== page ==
HM Customs and Excise (HMCE) is considering making electronic VAT returns compulsory for some companies within the next three years, in order to deliver the cost savings promised as part of its £1bn IT improvement programme.
HMCE signed a £929m infrastructure deal with Fujitsu Services which runs until 2009.
But if it is to reap the cost savings it promised in order to get the funding, HMCE will need more than half of UK businesses to file VAT returns electronically.
This is a tough target. A previous e-VAT trial attracted less than one per cent of eligible companies.
And senior HMCE officials have admitted that small businesses may be reluctant to move away from the relatively easy to use paper-based system.
Michael Eland, acting chairman of HMCE, told the Public Accounts Committee that it was considering incentives to encourage take-up, but may enforce electronic filing on certain firms.
"We will look at a mandatory scheme in some areas, for certain types of business. We're looking to get 50 per cent take up by March 2006," he said.
This is most likely to be aimed at large companies with sophisticated IT systems, as Eland acknowledged the problems of persuading smaller firms of the benefits.
But Eland confirmed that a new pilot scheme, due to be launched in June 2004, has already slipped two months behind schedule because of software faults.
MPs were critical of HMCE's e-delivery programme, calling for tighter boundaries governing when IT services contracts should be re-tendered rather than just renegotiated.
HMCE originally paid Fujitsu Services £500m for a 10-year IT infrastructure deal in 1999. This was renegotiated two years later, with the price rising to £929m.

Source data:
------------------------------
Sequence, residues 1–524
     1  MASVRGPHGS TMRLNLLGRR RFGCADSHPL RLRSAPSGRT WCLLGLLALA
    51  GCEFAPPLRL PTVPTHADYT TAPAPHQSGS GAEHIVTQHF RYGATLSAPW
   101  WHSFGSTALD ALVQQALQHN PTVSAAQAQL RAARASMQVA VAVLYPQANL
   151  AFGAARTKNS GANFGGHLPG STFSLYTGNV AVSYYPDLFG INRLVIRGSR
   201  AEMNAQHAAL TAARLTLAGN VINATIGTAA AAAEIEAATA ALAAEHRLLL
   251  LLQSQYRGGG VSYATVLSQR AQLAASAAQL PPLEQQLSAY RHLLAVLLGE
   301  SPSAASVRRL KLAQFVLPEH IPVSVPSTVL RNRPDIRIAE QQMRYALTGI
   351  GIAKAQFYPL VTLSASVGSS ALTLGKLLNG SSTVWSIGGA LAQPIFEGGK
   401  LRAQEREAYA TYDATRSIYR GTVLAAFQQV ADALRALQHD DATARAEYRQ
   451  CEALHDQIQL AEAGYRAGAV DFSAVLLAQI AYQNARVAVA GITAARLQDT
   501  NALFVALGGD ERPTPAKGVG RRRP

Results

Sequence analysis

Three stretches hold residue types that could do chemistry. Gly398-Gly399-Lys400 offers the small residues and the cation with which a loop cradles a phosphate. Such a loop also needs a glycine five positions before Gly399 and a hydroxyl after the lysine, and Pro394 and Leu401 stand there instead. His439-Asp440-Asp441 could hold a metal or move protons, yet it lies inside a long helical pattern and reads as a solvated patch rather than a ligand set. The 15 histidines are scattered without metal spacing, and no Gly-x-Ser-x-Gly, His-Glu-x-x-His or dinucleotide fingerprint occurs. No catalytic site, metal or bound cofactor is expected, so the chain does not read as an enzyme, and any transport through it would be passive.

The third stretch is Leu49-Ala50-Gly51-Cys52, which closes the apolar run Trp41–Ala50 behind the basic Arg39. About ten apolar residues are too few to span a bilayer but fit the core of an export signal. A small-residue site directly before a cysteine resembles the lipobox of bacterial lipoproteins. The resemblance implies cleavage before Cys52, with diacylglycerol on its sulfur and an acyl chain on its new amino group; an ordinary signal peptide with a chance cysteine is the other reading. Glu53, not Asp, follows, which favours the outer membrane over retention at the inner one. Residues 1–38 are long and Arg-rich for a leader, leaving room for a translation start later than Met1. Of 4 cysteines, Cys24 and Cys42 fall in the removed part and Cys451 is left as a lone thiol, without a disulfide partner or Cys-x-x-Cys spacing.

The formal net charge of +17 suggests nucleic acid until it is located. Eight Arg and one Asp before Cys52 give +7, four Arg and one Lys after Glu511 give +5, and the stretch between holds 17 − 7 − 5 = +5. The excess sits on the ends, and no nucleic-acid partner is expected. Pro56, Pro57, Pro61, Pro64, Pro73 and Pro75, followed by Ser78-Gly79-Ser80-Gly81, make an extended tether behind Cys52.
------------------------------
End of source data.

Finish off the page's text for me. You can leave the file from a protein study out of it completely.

Government watchdog the National Audit Office suggested that final costs were likely to exceed £1bn.
Eland insisted that costs were unlikely to rise significantly, pointing out that they had been incured because HMCE had bought more services from Fujitsu.
With the government's trusted trouble-shooter Gus O'Donnell currently reviewing the operation of HMCE, Eland's insistence that costs will not rise could be significant.
One option O'Donnell is known to be considering is merging the department with the Inland Revenue.
Combining both departments' IT systems will be a lot easier, as Fujitsu is part of the consortium that won the Revenue's outsourcing contract last week.
Edward Leigh, chairman of the Public Accounts Committee, said that HMCE's cost benefit analysis was "wildly optimistic" but critical if the department was to benefit from the e-VAT project.
Acton's warnings come as Facebook is embroiled in one of the biggest data scandals in history
The unmanned tanks could eventually be kitted with AI systems
Dubbed I-MacEtch, it will help meet demand for more powerful nano-tech
GPU firm's research unit for self-driving cars is growing